Amazon Prime give and take: get monthly payment option, pay more

Amazon has quietly rolled out a new pricing plan for its premium membership service Amazon Prime which finally allows customers to make monthly payments instead of annual lump sum fees. That's all good right? Not so fast...

With Amazon Prime, subscribers get a lot of benefits from the popular online retailer: Free Two-Day, Standard, and no-rush Shipping, access to the Prime Instant Video streaming service, and access to the Kindle Lending Library where subscribers can freely borrow and read Kindle books as often as they like.

Having a monthly payment option sounds great on the surface. After all, customers generally prefer to pay small amounts at a time rather than that big annual payment that can hurt the wallet. But in this case, it's an increase in price. The previous annual fee of $79 worked out to roughly $6.58 per month, meaning the company has quietly raised the rate while keeping the service the same. Still, even if you subscribe to Amazon Prime simply for access to its streaming video library, $7.99 per month puts it on an equal level with Netflix and Hulu, and you get the other perks as an added benefit.

The news may actually be a bit worse -- when I checked around the registration page I no longer found the annual option available, so customers can't choose how they would prefer to handle their account, and Amazon doesn't provide a chance to save a few dollars by paying all at once.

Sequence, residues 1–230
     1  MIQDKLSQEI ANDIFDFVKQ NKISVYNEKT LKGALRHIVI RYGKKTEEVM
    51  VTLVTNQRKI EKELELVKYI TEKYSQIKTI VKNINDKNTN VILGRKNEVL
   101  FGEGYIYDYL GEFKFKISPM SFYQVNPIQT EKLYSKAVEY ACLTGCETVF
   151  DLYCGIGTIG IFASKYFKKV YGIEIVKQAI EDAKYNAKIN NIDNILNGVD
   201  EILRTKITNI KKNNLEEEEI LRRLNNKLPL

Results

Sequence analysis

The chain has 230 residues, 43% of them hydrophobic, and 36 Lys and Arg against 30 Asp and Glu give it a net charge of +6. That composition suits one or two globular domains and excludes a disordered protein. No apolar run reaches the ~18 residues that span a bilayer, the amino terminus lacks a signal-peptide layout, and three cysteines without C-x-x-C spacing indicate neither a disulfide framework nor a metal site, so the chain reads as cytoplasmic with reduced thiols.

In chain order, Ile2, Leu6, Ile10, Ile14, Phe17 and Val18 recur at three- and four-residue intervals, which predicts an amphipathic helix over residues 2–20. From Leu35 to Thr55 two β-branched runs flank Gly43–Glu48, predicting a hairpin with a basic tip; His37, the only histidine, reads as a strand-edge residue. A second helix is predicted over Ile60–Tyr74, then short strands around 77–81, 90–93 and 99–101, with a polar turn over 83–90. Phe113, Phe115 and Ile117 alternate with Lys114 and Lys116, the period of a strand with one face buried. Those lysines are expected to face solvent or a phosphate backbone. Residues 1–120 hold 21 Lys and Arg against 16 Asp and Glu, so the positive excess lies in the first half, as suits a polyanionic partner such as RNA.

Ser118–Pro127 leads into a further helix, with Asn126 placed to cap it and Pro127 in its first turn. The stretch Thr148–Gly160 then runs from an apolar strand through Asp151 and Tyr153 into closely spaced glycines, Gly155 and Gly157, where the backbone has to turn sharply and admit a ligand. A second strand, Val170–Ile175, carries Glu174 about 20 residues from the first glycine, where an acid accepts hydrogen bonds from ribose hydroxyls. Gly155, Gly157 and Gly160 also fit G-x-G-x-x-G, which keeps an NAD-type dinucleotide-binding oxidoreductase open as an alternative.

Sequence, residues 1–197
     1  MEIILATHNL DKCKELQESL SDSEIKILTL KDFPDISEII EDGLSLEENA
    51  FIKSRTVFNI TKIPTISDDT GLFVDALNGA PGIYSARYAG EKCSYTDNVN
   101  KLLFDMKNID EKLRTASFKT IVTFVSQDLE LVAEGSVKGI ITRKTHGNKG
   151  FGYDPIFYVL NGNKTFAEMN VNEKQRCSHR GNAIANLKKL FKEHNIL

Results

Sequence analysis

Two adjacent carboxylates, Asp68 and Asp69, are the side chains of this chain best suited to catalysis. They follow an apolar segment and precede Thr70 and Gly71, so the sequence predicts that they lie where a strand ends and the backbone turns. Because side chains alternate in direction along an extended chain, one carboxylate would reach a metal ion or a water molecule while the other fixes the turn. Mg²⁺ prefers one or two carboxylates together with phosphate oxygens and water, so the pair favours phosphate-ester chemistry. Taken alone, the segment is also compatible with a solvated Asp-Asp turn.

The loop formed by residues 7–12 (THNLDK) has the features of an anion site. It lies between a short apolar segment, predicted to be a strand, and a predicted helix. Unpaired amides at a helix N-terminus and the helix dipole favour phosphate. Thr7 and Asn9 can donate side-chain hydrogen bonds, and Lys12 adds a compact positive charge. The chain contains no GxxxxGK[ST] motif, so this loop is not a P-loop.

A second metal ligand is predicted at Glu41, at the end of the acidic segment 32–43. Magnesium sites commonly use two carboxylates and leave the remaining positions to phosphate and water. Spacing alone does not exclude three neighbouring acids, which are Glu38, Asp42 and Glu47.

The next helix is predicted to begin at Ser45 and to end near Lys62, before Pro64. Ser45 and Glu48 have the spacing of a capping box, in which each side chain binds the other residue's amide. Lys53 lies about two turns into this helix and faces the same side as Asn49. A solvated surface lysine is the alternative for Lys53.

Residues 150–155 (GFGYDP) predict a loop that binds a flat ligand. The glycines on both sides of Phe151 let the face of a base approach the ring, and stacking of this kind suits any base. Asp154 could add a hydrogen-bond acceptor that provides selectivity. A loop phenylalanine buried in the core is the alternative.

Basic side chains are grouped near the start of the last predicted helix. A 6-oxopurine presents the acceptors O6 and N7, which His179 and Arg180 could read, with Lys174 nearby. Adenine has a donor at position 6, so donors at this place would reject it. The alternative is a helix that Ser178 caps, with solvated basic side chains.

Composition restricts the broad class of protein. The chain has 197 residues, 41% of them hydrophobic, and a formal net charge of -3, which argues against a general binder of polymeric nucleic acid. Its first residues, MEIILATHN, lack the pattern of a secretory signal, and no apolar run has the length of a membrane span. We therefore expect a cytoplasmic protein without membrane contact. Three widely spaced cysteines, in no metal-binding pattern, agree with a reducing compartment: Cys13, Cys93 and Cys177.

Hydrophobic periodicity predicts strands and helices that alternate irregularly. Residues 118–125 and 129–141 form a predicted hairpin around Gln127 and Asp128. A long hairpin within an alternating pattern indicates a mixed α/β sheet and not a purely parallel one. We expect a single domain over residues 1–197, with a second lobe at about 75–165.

Amazon Prime began life as simply a way of letting regular customers score "free" two-day shipping in exchange for paying one simple annual fee. Then the web retailer sweetened the deal by adding more features such as the movie and TV video streaming service and a Kindle lending library. Netflix still looms as the 600 pound gorilla in the streaming movie and TV field and was offering the consumer-friendly monthly payment option, so Amazon Prime needed a boost, beyond the continued addition of content.

Is monthly pricing that jumpstart they need, or is it a turn-off because of the price hike?

Photo: Iris 42/Shutterstock

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